When it comes to upgrading the worlds largest payment processing system, failure is not an option, said Scott Thompson, executive vice president of Visa Internationals technology practice, Inovant LLC. Thompson recently shared some of his best practices with eWEEK Labs.
Teamwork. Two years ago, Visa determined that completed projects would be more efficient and more flexible if quality assurance and engineering staff work closely together on the development of code.
Visa made a strategic decision to make engineering divisions responsible for quality assurance. This way, everyone involved with the project is equally vested in its outcome, Thompson said. This is especially important because the amount of time it takes to write an October release has jumped from 40,000 worker hours three years ago to more than 150,000 worker hours this year—with no increase in personnel.
Responsibility. One of the main reasons Visa has been able to pull off its network upgrades is that everyone involved on the projects knows exactly how their decisions will affect the business. During the planning process, business managers and engineers discuss the types of changes theyd like to see and then determine what needs to be changed within the code to make those changes happen.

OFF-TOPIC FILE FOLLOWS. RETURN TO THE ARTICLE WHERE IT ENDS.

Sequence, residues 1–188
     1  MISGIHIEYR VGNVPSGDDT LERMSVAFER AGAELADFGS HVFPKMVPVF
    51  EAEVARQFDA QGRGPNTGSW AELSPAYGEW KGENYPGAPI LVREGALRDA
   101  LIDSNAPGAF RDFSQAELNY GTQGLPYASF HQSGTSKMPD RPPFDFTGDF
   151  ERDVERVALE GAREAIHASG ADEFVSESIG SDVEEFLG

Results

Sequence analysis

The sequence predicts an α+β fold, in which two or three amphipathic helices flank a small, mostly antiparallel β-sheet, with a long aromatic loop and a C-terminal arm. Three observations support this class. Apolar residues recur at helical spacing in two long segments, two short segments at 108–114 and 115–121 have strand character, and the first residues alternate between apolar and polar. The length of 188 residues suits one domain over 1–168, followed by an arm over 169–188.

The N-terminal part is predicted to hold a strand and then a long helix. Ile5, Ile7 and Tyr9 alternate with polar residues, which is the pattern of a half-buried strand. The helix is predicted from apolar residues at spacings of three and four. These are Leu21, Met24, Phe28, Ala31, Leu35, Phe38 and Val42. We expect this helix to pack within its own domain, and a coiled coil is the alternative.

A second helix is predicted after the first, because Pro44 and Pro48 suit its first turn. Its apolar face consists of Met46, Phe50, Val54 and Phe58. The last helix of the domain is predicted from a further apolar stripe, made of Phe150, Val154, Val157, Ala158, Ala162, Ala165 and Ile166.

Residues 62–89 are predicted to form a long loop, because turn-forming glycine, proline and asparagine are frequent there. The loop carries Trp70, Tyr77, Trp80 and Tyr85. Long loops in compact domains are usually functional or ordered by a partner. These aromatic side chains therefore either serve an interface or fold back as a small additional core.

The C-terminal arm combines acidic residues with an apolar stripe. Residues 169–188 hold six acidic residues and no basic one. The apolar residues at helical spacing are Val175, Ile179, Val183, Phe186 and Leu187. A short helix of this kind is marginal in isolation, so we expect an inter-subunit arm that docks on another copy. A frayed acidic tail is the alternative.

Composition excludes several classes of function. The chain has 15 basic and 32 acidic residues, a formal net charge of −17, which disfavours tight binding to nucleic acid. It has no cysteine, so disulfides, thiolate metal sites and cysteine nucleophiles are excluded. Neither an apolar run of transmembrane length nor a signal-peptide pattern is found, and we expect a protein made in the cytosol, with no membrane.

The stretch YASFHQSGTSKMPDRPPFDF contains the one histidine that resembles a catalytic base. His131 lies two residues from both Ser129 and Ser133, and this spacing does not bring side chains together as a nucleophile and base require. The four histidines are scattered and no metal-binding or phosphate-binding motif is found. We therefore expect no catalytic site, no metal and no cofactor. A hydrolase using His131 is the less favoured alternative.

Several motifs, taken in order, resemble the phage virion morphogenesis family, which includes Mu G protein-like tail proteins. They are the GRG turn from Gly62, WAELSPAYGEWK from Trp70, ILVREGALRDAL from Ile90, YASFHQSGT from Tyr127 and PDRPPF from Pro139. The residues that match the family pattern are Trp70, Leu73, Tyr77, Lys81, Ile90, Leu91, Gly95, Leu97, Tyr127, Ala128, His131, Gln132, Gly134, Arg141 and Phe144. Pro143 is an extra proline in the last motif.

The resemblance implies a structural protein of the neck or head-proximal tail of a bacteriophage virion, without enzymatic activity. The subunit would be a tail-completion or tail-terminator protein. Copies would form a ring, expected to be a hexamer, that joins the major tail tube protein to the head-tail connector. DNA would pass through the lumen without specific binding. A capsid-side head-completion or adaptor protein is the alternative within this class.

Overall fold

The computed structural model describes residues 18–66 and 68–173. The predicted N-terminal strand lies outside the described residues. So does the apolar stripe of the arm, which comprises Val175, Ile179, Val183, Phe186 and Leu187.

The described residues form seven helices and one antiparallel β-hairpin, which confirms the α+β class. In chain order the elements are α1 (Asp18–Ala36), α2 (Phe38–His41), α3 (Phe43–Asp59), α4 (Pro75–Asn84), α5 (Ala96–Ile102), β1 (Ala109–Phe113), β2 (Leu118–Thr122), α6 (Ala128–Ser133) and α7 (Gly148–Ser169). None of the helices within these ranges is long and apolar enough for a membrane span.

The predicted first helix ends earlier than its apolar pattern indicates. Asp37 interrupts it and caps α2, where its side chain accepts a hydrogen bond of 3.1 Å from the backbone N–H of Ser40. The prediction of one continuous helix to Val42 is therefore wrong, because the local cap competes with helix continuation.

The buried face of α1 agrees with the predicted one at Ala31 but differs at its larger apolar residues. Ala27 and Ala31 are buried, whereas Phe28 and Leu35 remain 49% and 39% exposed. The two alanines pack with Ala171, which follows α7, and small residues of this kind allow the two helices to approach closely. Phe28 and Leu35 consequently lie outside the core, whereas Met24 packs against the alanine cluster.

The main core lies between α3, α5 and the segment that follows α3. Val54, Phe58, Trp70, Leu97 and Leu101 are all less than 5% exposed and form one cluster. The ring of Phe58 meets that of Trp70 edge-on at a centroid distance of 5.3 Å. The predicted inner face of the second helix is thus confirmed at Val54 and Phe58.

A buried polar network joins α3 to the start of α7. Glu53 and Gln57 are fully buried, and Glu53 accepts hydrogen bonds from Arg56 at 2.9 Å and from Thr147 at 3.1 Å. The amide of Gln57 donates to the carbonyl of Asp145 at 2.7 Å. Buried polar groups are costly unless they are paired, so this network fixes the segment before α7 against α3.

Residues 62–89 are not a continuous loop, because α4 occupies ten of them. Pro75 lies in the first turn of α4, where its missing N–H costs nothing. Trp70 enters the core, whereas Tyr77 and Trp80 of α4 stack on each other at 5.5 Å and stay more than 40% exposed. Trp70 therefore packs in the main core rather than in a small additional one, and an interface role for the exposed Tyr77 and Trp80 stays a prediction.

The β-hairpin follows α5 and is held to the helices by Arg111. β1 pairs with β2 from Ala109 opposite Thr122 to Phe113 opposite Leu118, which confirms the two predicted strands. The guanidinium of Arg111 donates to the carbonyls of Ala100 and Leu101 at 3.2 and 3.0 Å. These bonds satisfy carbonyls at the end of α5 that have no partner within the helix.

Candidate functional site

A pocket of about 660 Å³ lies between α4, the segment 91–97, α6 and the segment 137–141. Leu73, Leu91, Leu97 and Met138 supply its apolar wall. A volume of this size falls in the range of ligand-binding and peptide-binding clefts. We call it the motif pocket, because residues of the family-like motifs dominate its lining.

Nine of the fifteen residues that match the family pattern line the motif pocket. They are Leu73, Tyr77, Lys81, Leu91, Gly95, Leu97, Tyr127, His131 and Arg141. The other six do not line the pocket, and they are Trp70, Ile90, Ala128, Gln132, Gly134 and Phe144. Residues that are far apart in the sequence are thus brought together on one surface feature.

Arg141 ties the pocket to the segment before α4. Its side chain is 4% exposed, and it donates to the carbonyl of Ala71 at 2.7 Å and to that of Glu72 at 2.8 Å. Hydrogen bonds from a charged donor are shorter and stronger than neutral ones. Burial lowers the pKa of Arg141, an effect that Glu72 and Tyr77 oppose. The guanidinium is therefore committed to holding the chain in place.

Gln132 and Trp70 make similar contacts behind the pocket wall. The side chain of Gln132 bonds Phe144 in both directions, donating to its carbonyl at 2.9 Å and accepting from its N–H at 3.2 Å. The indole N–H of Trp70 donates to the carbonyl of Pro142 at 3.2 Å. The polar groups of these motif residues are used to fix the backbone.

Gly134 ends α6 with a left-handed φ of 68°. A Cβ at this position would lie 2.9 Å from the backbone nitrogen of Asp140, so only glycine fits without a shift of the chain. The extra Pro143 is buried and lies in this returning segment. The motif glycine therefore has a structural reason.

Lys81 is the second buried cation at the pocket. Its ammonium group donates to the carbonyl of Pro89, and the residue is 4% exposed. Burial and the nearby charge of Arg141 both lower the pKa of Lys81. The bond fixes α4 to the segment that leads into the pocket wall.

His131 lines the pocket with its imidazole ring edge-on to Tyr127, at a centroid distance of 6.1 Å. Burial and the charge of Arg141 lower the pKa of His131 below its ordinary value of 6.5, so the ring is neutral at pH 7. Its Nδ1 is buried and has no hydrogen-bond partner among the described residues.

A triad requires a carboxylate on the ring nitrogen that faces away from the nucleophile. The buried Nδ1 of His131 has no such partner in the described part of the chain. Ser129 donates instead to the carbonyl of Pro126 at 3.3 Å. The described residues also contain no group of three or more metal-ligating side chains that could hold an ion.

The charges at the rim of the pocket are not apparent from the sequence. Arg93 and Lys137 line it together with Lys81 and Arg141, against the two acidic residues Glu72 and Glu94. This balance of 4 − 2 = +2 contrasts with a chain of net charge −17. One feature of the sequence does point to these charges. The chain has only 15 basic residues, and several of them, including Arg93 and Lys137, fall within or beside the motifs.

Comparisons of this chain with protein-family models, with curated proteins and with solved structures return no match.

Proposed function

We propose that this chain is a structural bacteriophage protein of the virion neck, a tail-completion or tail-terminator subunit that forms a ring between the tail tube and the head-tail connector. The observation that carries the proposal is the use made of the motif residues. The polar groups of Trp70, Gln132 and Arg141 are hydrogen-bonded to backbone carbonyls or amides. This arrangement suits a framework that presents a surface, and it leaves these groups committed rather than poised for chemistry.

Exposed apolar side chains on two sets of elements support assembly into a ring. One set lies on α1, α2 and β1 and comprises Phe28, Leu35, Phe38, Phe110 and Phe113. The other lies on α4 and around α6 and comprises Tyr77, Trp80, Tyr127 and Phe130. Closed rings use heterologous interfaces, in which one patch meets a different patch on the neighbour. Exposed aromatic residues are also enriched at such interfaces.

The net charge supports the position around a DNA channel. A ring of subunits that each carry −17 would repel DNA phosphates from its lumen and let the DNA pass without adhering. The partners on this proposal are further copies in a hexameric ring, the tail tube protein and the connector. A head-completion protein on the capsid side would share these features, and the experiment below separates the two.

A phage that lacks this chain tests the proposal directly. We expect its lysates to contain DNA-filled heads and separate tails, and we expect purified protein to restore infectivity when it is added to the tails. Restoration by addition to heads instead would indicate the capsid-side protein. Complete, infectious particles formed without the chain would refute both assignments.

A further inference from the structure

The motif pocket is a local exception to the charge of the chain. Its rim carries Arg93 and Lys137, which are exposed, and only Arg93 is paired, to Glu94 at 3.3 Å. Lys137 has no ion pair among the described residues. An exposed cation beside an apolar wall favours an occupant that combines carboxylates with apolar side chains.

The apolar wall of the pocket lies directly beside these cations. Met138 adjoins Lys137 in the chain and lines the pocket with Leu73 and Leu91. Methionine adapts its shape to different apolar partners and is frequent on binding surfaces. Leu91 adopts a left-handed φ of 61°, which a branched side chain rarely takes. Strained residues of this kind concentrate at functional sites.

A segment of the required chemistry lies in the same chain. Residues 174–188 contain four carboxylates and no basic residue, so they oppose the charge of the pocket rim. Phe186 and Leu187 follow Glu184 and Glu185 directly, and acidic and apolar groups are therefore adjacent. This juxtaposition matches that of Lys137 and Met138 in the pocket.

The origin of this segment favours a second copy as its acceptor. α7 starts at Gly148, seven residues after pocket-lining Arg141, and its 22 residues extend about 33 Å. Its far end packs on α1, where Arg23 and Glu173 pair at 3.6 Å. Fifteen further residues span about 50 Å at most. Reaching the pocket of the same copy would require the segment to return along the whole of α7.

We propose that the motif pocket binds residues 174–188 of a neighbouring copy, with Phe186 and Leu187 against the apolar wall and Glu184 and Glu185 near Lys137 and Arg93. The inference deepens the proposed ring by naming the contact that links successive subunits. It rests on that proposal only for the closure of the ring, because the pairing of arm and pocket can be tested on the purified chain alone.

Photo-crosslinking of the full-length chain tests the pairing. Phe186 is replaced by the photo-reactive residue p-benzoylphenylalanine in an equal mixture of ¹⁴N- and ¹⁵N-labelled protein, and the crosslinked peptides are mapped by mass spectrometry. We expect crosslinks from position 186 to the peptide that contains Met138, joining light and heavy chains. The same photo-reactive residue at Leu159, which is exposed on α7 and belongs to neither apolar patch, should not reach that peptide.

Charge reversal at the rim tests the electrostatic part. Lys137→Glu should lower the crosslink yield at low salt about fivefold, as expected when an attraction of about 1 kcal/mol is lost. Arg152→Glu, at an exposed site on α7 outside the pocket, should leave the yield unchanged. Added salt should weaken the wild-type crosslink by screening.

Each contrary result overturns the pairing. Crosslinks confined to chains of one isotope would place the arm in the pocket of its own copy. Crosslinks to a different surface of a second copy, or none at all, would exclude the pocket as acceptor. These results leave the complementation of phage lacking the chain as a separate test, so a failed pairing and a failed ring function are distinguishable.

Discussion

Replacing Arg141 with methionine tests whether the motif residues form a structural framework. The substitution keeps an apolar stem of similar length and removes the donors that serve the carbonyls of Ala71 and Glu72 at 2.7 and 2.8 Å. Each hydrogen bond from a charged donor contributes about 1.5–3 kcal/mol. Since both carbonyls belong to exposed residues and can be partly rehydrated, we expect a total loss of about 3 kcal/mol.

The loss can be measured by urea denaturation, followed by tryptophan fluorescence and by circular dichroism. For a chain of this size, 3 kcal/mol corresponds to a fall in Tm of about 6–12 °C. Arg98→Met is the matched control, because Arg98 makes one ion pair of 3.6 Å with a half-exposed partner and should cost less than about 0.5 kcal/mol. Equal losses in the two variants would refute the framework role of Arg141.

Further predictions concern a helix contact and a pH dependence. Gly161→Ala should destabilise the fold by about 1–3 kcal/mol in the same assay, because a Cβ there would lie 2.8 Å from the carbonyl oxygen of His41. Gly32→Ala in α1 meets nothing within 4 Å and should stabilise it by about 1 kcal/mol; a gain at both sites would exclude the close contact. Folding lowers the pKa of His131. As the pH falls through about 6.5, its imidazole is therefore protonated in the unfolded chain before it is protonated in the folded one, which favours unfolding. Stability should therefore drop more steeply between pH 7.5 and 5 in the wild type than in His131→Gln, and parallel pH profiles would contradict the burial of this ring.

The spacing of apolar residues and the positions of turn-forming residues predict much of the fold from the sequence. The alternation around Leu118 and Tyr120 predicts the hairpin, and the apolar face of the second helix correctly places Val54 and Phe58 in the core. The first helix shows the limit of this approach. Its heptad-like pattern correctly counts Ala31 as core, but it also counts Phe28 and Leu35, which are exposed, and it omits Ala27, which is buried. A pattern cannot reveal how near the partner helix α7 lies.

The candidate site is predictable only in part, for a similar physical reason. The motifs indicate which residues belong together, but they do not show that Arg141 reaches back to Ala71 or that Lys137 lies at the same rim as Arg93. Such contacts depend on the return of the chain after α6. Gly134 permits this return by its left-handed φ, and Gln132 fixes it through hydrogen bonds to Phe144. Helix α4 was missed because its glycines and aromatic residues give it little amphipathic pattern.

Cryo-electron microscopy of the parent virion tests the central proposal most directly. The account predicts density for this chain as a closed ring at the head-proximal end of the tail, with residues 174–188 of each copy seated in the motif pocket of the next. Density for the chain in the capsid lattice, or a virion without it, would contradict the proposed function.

“The fact that everyone knows exactly how these changes are going to impact Visa as a business is paramount to our success,” said Robin Owens, division head for Visas Member Information Clearing and Settlement.
Work closely with partners. The company cant rely on its 21,000 merchant and bank partners to make changes as quickly as it does. As a result, Visa often throttles back its project to ensure that all its partners are on the same page and can make the upgrade jump together.
Visa also works closely with partners to help them prepare for the network updates.
Stick to schedule. At any point during the implementation, Visa engineers know exactly where they are in the upgrade cycle. Before the upgrade begins, a script is distributed to employees throughout the organization so that everyone knows at exactly what time a particular data center will be upgraded and exactly how long that upgrade will take.
“We dont do something and hope its going to take 2 hours; we know its going to take 2 hours,” Thompson said. “We know exactly whats going to happen.”